(Brassica oleracea convar. acephala var. gongylodes— Family Cruciferae [Brassicaceae])
Kohlrabi (pronounced kohl-RAH-bee)
Kohlrabi is commonly called the cabbage turnip, which is the direct translation of the German kohl (meaning cabbage) and rabi (meaning turnip). At the time, it was thought to have been the result of a cross between a cabbage and a turnip.
The botanical name, gongylodes, refers to a type of small red turnip that looks like the purple kohlrabi. It is common in Central Asia, where its Kashmiri name is “gongolou”.
Kohlrabi is often erroneously referred to as a root vegetable, but it grows above the ground, producing an orange-sized tuber that develops in the stem rather than a flower like broccoli or buds like the brussels sprouts.
Although kohlrabi belongs to the brassicas, it is also classified as a stalk vegetable which develops not from the leaves, but from the lower part of the stem just above the soil line. The bulb can reach up to eight inches in diameter. Its colour ranges from whitish to greenish to reddish or deep purple.
The origin of this peculiar vegetable is disputed. Although the first reliable references made about it came from Germany in 1558 and France in the 14th century, it is thought to have existed long before that as a similar sounding vegetable was described by Pliny around 70 CE.
This vegetable is more resistant to drought than most brassicas and succeeds where rutabagas and turnips fail.
Although extensively grown in Kashmire, Germany is both the world’s largest producer, and largest consumer, harvesting 40,000 tons a year. Kohlrabi is also popular in other parts of continental Europe, but less so in the US and Britain.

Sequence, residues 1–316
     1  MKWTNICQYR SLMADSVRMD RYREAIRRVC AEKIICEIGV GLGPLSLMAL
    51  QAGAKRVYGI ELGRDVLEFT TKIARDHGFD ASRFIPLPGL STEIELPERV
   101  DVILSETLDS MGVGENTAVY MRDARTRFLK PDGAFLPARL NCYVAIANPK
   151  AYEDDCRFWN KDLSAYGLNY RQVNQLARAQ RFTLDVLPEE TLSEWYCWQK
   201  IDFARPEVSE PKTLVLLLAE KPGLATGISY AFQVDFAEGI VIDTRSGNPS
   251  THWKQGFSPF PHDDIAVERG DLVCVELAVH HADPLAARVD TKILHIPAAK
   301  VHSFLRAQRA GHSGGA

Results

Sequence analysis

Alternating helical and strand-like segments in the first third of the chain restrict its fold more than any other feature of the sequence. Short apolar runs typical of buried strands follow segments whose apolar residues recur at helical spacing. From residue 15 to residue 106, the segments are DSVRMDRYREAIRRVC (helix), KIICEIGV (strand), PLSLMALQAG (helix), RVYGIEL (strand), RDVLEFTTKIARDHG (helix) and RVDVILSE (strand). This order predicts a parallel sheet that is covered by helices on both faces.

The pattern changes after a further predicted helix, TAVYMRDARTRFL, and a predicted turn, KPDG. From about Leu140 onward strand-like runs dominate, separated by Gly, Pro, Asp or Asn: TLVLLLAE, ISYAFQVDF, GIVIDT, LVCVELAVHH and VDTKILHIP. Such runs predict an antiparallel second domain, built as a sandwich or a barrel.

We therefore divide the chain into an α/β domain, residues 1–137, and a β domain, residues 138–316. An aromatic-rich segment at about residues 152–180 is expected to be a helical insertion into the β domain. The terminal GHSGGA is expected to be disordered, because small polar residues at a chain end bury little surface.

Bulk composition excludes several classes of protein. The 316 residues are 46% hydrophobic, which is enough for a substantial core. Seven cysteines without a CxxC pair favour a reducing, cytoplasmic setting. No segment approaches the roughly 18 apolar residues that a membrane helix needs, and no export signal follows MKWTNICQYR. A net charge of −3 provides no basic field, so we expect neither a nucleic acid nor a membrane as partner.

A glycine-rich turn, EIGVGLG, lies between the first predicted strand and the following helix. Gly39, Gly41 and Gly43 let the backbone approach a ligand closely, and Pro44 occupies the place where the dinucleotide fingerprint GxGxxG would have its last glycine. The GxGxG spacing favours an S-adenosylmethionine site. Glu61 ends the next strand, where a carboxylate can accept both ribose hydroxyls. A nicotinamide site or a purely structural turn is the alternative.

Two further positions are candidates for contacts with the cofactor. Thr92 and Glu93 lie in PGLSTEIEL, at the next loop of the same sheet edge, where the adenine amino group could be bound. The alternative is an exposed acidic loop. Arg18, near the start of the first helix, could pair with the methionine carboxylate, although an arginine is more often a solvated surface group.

Kohlrabi is the mildest tasting member of the cabbage family, with a flavour like that of the tender stems of broccoli. The leaves taste like kale or collards and are very rich in carotene, proteins, and minerals; but people often discard these valuable sources of nutrients.
The leaves should be removed from the vegetable as soon as it is picked or purchased as leaving them on will continue to rob the bulb of its nutrients.
The bulb itself is an extremely good source of vitamins B, C, and E, as well as calcium, iron, potassium, and phosphorus.
When the leaves are peeled back, a hard, round bulb inside is revealed. This needs to be peeled in order to reach the tender center that is best eaten raw, but can be lightly steamed. Kohl rabi is frequently used in Hungarian, German, and Chinese dishes.
Of the three colours available, green, white, or violet, all lose this if the vegetable is cooked.
Some varieties include the following:
has an attractive deep blue-purple skin.
Green Vienna and Lanro
have green skin and white flesh.
has purple skin and white flesh.
Rowel has green skin and white flesh, and it does not become woody if left to grow to the size of a tennis ball.
Trero is sweet and slow to become woody.
has pale green skin and a delicate flavour.